To make the most of your new seasons tomato crop you can start off your seeds quite early either indoors or in a heated greenhouse. This is done usually about six to eight weeks before the last frosts are anticipated. In Great Britain this would usually be around May, but if you are not sure a good guideline would be to put plants out when average day temperatures are reaching over 20 degrees Celsius and when night temperatures aren't dropping below 10 degrees Celsius. Be careful with your timing though because if you start too early your seedlings can outgrow their pots resulting in weak, and "leggy" plants. If they are planted outdoors in this condition then valuable time is wasted while the plants devote energy to recovering their health, rather than to producing normal growth and flower production.
Whether you are starting with shop bought packet tomato seeds or using those you have collected yourselves, the technique will be the same. Sow your tomato seeds - adequately spaced - into a seed tray containing John Innes ‘seed’ compost. Top them off with another half inch of compost then gently water them in. It's important that the seeds remain moist until they germinate and as such will require adequate ventilation to prevent fungal rots. If ventilation is poor you may need to spray your newly germinating seedlings with a liquid fungicide once a week to protect them.It should take anywhere between 3 to 5 days before they germinate.
Once germinated, tomato seedlings will require plenty of light, in fact for optimal growth they will need a good 12 to 16 hours of light a day. If the weather isn't yet suitable for planting outside then they will need to be placed onto a south-facing window sill but remember to turn them daily to keep them from taking on a permanent lean. Once the seedlings have produced four leaves they will be ready to prick out into individual pots, but you need to be careful so as not to damage the fragile root system. The safest way is to gently hold onto one of the sturdier leaves while using either a pencil or slim dibber to lift the roots as intact and undisturbed as possible.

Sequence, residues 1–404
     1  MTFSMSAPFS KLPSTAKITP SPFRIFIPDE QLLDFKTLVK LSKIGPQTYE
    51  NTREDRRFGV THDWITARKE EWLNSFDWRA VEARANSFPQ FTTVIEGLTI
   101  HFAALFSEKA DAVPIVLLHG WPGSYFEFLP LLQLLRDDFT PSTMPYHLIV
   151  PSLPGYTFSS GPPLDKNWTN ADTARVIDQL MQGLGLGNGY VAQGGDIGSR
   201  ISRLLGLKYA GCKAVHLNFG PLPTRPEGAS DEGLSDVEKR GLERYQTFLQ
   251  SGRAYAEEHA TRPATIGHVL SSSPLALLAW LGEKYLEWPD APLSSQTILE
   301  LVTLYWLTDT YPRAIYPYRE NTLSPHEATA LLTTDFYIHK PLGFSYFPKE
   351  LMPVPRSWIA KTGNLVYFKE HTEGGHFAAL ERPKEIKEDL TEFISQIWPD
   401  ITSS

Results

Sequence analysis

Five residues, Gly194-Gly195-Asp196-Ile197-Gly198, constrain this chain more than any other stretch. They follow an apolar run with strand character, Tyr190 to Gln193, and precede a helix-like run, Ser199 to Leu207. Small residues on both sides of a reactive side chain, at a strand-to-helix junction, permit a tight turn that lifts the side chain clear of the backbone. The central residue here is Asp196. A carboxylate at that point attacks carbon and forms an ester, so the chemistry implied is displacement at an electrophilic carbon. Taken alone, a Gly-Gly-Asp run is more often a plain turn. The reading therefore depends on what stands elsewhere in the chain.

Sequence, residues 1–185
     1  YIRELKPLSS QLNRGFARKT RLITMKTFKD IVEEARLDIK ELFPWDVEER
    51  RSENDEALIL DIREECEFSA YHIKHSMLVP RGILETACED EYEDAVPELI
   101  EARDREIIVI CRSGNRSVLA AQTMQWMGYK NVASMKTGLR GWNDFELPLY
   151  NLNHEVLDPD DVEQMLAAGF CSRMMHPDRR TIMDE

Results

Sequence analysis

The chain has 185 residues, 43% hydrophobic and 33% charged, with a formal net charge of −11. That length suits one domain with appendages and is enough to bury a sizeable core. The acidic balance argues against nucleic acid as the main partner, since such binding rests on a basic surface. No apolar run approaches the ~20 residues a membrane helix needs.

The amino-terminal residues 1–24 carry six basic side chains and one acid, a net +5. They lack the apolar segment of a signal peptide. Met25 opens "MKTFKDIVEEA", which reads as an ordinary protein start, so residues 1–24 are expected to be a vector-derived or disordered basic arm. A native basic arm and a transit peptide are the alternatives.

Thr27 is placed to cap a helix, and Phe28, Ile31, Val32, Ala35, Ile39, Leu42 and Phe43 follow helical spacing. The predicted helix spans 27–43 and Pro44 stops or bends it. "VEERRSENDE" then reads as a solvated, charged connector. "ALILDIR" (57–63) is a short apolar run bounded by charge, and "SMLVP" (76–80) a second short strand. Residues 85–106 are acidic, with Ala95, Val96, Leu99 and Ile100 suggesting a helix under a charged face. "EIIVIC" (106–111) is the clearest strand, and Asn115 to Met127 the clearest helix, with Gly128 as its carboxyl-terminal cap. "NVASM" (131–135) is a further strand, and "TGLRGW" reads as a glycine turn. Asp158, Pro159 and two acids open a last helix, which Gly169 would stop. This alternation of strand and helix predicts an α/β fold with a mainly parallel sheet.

When re-potting, use either a standard multi-purpose compost or John Innes ‘No.1’ or ‘No.2’ potting compost. Place the seedling in the pot then carefully backfill so as to cover most of the seedlings stem, leaving just the leaves showing above the soil line. If the pot is tall enough, try to leave some space at the top of the pot, as more soil can be added as the plant grows. Although this seems contrary to normal practice, tomato plants readily produce dormant root nodules at the base of them. By ‘earthing’ them up you can encourage far more root growth which in turn will be able to support are far greater cropping plant.

Once the threat of frost is over you can be safely plant your mature tomato seedlings outside. Like most garden plants success is all in the preparation and tomatoes love a rich, free-draining soil that has had plenty of organic compost or well-rotted farm manure added. When it come to planting try placing young tomatoes either on their side so that they are lying horizontally in a trench or up to their first set of leaves in a deep hole. With either situation, back fill the plants with soil and water in. Roots will develop all along the underground stems helping to produce bigger plants and bigger crops.

For related articles click onto the following links:
How to Grow Giant Tomatoes
RHS Tomatoes

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